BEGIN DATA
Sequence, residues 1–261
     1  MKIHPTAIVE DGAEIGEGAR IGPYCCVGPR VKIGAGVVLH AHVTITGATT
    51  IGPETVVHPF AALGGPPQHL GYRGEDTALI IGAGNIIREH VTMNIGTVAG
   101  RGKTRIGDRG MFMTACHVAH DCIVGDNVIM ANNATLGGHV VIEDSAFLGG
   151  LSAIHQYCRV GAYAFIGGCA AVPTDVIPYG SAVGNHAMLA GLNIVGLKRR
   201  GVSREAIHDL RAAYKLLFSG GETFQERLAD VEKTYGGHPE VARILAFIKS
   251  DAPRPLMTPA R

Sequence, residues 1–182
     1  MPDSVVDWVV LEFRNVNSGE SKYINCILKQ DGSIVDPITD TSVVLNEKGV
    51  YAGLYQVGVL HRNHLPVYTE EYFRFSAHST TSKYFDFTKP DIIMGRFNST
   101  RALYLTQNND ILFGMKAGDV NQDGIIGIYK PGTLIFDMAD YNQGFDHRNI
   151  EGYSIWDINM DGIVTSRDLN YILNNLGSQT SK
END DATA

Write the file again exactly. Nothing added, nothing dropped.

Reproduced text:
Sequence, residues 1–261
     1  MKIHPTAIVE DGAEIGEGAR IGPYCCVGPR VKIGAGVVLH AHVTITGATT
    51  IGPETVVHPF AALGGPPQHL GYRGEDTALI IGAGNIIREH VTMNIGTVAG
   101  RGKTRIGDRG MFMTACHVAH DCIVGDNVIM ANNATLGGHV VIEDSAFLGG
   151  LSAIHQYCRV GAYAFIGGCA AVPTDVIPYG SAVGNHAMLA GLNIVGLKRR
   201  GVSREAIHDL RAAYKLLFSG GETFQERLAD VEKTYGGHPE VARILAFIKS
   251  DAPRPLMTPA R

Sequence, residues 1–182
     1  MPDSVVDWVV LEFRNVNSGE SKYINCILKQ DGSIVDPITD TSVVLNEKGV
    51  YAGLYQVGVL HRNHLPVYTE EYFRFSAHST TSKYFDFTKP DIIMGRFNST
   101  RALYLTQNND ILFGMKAGDV NQDGIIGIYK PGTLIFDMAD YNQGFDHRNI
   151  EGYSIWDINM DGIVTSRDLN YILNNLGSQT SK